Glitch erroneously notifies Ore. victims of prisoners' release
About 8,000 erroneous notifications that inmates were being released were sent out due to the glitch
SALEM, Ore. — A "major technical glitch" in Oregon's crime victim notification system triggered thousands of false notices Friday evening about the release of inmates, including one on a notorious killer, officials and news reports said.
KGW-TV reported that inmate Ward Weaver III was the subject of an erroneous alert. Corrections spokeswoman Betty Bernt confirmed that Weaver — convicted of aggravated murder in 2004 for the deaths of two young Oregon girls — remains locked up.
Corrections spokeswoman Elizabeth Craig told KTVZ-TV that there were about 8,000 erroneous notifications that inmates were being released.
Brea Day told KGW she was "instantly horrified" when she received word that her cousin's killer was released.
"It's very upsetting," she said. "We thought it was real. I wanted it to be a mistake."
"Routine system maintenance appears to have triggered numerous notifications to victims in error," the Corrections Department said in a statement.
The problem occurred in Oregon's Victim Information and Notification Everyday (VINE) system. The state said service contractor Appriss was working on repairs and planned to alert everyone who received bad information.
An Appriss spokeswoman did not immediately return an Associated Press call and email for additional information.
One man who called KGW was concerned after being notified that his mother's killer had been released, the station reported.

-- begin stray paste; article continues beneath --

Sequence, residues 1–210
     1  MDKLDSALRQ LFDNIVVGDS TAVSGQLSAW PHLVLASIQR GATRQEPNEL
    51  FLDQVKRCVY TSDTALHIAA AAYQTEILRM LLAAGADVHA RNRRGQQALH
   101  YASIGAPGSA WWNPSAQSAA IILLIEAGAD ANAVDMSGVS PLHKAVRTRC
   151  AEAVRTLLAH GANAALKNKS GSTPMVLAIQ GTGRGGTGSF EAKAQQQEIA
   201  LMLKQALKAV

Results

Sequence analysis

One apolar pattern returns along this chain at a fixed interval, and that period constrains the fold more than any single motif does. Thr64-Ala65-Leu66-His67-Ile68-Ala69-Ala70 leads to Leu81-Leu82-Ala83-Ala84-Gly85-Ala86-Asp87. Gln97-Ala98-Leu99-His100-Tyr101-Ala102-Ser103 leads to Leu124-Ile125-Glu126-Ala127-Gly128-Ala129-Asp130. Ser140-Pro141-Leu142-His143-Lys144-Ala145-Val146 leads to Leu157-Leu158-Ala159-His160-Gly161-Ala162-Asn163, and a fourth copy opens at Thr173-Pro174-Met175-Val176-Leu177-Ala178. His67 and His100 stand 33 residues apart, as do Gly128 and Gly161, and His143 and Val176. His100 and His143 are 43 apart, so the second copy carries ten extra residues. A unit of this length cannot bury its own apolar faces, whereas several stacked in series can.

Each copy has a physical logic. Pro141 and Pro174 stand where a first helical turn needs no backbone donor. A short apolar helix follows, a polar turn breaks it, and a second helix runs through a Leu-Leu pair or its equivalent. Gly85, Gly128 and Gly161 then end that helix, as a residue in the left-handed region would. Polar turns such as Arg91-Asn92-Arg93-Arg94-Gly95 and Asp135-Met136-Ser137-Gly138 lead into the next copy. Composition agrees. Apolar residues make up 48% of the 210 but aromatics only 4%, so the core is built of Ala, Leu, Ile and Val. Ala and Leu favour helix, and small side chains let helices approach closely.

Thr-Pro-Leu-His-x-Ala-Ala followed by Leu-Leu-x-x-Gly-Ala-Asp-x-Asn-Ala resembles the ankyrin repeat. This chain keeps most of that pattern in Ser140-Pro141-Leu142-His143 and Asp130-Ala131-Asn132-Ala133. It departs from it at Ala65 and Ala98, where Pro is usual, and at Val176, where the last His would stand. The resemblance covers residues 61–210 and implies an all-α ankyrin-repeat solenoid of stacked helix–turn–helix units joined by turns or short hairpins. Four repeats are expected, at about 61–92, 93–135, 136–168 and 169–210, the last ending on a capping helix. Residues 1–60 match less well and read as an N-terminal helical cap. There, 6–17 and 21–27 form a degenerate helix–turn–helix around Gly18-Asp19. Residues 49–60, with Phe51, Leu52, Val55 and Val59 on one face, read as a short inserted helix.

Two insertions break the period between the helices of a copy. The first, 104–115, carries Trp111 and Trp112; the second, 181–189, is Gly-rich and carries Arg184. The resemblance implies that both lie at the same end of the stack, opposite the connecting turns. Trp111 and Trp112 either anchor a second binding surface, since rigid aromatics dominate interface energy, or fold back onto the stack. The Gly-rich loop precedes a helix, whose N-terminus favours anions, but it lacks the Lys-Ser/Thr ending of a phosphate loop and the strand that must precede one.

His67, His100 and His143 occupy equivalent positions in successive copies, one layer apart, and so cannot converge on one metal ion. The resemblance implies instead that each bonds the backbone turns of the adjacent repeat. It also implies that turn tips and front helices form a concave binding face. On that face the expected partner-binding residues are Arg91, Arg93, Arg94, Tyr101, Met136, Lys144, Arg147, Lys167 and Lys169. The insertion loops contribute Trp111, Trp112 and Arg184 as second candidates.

Asked if a similar problem had occurred previously, Bernt said, "It has not. (It's) a first for me." She said she believed the contractor hoped to have the problem fixed Friday night.
The Corrections Department will "definitely" be investigating how the problem happened, she said.
Corrections advised that crime victims and members of the public can also check the current status of inmates in state custody by using the Oregon Offender Search option on the Internet.
Oregon launched the statewide VINE service in 2001, becoming the 11th state to adopt it, the Corrections Department said. In addition to inmates in state Corrections Department facilities, it monitors offenders held in county jails, Oregon Youth Authority facilities, and individuals on community supervision.
Both the Corrections Department and Appriss apologized for the error messages to VINE subscribers.
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